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Weber, David
book-date: 1993
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Larry Schwinger

This cover is a modification of the original Larry Schwinger cover for the 1993 paperback - isolating Honor & Nimitz.

Baen Books "First hardcover printing March 1999" (paperback was 1993.) Cover by Larry Schwinger, 342 pages, $18.00 cover price (on back cover.) Condition is near-Fine: tight and almost square (square at bottom / slight tilt at top); age-tanning is mild and uniform (this HC reprint is smaller/book-club size, and has decent quality paper - unlike some of the later ones.) Slight overall wear/rubbing; very faint 1" scratch near upper right corner of front cover. No stamps, marks, or writing.

On Basilisk Station - first in Weber's "Honor Harrington" series. Banished! The Basilisk System picket was a place to sweep incompetents, fools, and failures under the rug... or to punish officers with enemies in high places. Commander Honor Harrington has enemies - and she's about to make more of them. She's been exiled to Basilisk Station in disgrace and set up for ruin by a superior who hates her. Her demoralized crew blames her for their ship's humiliation. The aborigines of the system's only habitable planet are smoking homicide-inducing hallucinogens. Parliament isn't sure it wants to keep the place; the major local industry is smuggling; the merchant cartels want her head; the star-conquering Republic of Haven is Up To Something; and Harrington has a single, over-age light cruiser with an armament that doesn't work to police the entire star system. But Commander Harrinton's enemies have made one mistake - they've made her mad...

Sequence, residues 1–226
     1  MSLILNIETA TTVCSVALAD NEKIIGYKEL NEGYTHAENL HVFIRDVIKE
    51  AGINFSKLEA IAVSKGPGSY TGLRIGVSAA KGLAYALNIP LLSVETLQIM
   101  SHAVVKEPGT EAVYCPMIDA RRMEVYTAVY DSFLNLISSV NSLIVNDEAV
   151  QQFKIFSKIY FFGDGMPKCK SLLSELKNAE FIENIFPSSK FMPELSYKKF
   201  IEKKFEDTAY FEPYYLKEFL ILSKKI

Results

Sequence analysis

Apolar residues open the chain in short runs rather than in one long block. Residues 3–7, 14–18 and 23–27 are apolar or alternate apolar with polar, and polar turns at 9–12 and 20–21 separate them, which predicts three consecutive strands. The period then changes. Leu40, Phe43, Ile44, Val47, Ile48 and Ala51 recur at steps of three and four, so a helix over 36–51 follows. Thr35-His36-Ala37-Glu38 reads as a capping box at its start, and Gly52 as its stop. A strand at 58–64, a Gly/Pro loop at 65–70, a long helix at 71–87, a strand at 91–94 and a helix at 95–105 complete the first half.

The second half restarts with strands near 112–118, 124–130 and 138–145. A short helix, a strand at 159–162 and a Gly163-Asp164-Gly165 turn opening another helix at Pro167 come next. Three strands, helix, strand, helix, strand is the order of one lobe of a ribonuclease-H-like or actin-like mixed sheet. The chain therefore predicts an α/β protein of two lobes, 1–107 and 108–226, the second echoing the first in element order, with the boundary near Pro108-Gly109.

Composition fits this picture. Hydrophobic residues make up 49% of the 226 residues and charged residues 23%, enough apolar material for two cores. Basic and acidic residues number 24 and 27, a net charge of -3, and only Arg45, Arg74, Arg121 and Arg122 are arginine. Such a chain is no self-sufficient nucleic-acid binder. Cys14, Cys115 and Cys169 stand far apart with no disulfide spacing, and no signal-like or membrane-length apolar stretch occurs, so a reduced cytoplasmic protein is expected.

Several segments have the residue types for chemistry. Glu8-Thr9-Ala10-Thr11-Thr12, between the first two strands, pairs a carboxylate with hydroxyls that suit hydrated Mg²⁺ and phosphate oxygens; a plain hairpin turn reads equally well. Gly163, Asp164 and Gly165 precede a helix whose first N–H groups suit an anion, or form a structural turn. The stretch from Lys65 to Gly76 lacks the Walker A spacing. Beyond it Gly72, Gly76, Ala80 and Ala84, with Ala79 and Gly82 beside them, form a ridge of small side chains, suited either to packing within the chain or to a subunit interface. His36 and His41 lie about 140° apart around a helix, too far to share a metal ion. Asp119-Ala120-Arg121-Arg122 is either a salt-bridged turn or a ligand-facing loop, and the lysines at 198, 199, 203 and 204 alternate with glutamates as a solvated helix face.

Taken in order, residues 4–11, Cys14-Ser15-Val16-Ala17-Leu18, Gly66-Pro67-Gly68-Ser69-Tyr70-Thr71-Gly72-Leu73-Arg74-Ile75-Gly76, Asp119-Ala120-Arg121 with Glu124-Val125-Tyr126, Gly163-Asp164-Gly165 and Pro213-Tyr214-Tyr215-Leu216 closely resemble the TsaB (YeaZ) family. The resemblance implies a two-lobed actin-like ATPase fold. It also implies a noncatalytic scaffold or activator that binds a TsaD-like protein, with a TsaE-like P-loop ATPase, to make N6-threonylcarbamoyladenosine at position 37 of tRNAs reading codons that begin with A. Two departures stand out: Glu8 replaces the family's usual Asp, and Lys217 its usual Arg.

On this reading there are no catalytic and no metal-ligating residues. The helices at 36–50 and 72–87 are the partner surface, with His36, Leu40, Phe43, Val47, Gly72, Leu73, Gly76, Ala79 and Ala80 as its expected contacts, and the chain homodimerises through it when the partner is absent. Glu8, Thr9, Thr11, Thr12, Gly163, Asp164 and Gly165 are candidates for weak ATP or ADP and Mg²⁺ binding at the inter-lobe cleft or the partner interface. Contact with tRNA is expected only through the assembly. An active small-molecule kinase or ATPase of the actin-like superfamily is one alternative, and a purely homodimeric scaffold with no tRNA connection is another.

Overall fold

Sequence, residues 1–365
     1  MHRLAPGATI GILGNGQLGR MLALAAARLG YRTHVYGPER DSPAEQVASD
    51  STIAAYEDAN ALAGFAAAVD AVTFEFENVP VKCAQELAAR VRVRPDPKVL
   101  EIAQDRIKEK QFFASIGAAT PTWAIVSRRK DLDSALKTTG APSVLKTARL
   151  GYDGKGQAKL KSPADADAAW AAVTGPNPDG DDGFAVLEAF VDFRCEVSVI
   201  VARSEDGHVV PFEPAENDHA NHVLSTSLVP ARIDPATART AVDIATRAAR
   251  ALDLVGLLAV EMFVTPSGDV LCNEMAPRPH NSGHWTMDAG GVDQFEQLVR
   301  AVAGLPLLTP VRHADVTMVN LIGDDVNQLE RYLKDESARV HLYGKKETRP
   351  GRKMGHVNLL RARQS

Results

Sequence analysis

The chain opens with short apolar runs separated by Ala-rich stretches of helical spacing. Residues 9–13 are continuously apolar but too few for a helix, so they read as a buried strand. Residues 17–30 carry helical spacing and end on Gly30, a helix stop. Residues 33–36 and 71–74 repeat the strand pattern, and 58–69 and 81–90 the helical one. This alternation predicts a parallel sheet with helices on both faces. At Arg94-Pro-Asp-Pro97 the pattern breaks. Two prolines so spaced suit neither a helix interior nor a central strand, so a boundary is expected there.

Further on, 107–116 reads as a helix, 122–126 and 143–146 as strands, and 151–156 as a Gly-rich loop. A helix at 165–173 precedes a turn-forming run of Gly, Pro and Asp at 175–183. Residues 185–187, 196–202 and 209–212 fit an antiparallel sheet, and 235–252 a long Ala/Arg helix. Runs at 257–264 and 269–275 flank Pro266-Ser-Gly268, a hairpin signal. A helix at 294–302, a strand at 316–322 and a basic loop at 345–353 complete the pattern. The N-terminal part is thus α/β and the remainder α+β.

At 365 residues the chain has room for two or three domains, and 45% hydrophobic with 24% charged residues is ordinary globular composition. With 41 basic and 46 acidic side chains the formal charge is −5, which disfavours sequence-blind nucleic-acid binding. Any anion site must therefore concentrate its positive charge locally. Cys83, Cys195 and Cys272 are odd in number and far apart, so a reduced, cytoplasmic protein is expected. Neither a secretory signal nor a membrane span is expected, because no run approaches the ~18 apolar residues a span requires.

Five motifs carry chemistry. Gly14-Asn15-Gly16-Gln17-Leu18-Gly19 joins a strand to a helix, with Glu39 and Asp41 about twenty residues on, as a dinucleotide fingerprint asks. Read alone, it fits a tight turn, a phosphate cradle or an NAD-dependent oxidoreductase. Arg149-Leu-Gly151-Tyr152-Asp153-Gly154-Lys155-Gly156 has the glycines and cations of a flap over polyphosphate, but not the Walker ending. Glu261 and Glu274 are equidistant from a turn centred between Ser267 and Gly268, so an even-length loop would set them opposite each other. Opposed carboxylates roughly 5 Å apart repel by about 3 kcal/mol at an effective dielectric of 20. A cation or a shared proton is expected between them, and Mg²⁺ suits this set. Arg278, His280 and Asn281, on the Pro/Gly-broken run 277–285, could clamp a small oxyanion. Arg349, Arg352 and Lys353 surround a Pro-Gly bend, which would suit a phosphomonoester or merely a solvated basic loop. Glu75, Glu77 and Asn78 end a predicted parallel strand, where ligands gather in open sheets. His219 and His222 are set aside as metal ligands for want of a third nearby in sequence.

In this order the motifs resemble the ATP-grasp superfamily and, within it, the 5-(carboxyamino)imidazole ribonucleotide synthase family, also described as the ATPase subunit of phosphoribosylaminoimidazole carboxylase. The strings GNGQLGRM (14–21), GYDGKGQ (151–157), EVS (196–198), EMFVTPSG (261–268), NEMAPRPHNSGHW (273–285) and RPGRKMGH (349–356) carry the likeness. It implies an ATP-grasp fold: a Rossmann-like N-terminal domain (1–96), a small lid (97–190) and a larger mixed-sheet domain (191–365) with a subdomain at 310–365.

I find Weber's books to be compulsively readable, and he has been a consistent exception to the rule that "sequels are bad" - coming up with new directions to go that are worth exploring. Weber is firmly in the military-SF camp, but I like the thinking that he brings to matters of organization - while writing action or "Space Opera." The first 5 books in this series were paperback originals (1993-95.) Starting with #6 in 1996, all subsequent books came out in hardcover first, and apparently there was enough clamor or demand for hardcovers of the first 5 that Baen did hardcover reprints, with #1 and #4 in 1999, #2 in 2000, #5 in 2001, and finally #3 in 2002. While I might have preferred a more lavish production with cloth boards and a dustjacket, these "printed-cover" hardcovers will certainly stand up much better to multiple readings than your average paperbacks - and Weber is definitely worth re-reading. I bought my copies new as soon as they came out, and didn't see copies linger very long on the bookstore shelves - I don't think the print run was big enough for the eventual demand. I consider the titles reprinted in hardcover to be Weber at his finest - and I'll be happy to sell as many nice copies as I can find.

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